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What A Week It Was: Patriots Sign Lloyd, Manning Joins Broncos

Peyton Manning (Image from

Well we knew all thought it was going to be a big week and it certainly did not disappoint. Usually, the first week of the NCAA tournament dominates the national headlines because of the thousands of bracket and office pools across the country. This week was different. Beyond the spectacle that is “March Madness” was NFL free agency, which is becoming the new March Madness, and of course there was the NBA trade deadline (my thoughts on basketball are to come in future columns this week).

NFL Free Agency Thoughts

NFL free agency kicked into high gear at right about 4:05 PM EST last Tuesday. You have to love how the NFL sprinkles in hypocrisy with excitement. Free agency used to begin at 12:00 AM EST, but was moved up to a 4:00 PM EST to increase interest. Of course, there is to be no tampering by teams or agents before free agency starts.

However, we saw signings an hour after the clock started, and players getting on airplanes headed to their future homes. With a salary cap (and yes Mike Felger, a real cap), the players feel pressure to take the first good deal and sign. The most sought after players seldom even visit more than one city.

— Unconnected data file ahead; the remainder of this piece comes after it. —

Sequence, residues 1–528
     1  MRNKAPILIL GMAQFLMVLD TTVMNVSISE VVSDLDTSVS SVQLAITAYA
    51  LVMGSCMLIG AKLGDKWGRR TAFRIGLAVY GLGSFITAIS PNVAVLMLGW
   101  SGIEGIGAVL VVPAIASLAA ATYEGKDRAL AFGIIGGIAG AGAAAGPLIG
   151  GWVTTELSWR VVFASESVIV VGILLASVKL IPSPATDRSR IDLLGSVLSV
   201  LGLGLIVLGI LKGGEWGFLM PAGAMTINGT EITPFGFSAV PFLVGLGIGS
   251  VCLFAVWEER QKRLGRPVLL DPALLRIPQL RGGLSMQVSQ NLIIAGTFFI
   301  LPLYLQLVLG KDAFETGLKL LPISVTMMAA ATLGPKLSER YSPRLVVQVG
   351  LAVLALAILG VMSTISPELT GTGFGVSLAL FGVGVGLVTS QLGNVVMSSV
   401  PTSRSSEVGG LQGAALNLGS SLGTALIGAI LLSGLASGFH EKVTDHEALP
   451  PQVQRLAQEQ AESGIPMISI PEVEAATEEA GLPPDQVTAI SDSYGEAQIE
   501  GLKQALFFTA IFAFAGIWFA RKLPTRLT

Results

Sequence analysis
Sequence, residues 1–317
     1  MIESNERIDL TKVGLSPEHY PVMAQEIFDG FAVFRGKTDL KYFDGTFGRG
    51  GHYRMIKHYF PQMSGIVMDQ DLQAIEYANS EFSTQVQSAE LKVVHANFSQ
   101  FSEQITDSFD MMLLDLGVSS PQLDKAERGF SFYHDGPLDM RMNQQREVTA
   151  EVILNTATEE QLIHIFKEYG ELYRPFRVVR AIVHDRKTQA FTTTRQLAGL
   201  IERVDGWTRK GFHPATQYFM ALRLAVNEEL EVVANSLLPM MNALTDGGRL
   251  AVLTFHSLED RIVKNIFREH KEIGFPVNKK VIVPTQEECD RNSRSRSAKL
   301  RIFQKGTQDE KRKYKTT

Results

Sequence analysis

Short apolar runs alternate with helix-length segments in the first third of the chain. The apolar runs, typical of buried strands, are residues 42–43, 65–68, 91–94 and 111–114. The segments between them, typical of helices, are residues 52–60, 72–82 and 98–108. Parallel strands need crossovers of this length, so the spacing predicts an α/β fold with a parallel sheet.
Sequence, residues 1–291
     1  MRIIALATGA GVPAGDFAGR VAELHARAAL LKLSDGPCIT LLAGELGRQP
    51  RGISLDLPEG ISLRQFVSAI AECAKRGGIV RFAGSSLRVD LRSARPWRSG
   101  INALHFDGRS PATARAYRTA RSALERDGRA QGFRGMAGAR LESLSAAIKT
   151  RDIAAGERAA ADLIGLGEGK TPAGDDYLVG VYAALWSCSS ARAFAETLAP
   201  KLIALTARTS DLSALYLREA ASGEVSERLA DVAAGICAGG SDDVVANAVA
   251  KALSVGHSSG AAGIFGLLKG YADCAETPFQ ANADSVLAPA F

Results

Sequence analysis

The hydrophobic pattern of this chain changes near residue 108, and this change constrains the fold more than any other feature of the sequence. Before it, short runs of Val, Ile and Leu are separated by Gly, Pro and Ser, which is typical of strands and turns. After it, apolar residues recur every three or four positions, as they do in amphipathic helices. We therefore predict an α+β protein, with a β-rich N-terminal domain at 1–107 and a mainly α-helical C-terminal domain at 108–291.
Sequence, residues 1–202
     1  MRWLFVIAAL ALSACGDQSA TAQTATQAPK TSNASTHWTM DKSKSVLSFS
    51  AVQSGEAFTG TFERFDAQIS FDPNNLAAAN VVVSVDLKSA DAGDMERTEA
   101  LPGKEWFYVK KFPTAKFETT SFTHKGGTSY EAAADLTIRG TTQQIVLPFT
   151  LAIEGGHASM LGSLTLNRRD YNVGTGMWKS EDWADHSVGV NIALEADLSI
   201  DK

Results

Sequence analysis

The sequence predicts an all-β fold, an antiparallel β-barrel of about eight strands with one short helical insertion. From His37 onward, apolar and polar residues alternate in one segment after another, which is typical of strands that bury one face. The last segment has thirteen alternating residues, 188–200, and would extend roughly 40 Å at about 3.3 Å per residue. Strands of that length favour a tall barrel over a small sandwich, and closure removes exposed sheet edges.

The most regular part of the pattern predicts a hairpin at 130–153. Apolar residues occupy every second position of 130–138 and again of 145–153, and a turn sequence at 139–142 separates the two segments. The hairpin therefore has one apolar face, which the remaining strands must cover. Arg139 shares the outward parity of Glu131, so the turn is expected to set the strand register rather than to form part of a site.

Clearly a lot of this negotiation goes on with agents, players and teams prior to the official start of free agency. This is a landscape that Scott Boras would find most displeasing.

Patriots in Free Agency

On Tuesday, I tweeted that the Patriots not making any moves on the first day of free agency was “shameful.” This tweet was sent after most of the available free agent wide receivers had been signed up and Brandon Lloyd, long linked to the Patriots, was on a flight to San Francisco. I will concede that the tweet was reactionary and sensational, but some of my Twitter posts are.

It was published by Mike Reiss of on his daily blog and I took some heat from the “posters” on some of the local websites. Its fine, to quote Chris Rock, “I said it, that’s right I said it!” I stand by the comment in this way; Lloyd is now a member of the Patriots and he or a player similar, whether it be Reggie Wayne or Mike Wallace, was a must signing.

Brandon Lloyd

Without Lloyd, the Patriots were still capable of 11 wins and 5,000 yards of passing offense because they did it last year. But, critical observation of the Patriots playoff run showed the lack of a downfield threat. A receiver who can get open “outside the numbers” is necessary in this offense. Baltimore and New York didn’t shut down the Patriots offense, but they kept the big plays to a minimum and kept Tom Brady from dominating the game by playing up tight on the receivers knowing the Patriots had no one to get deep.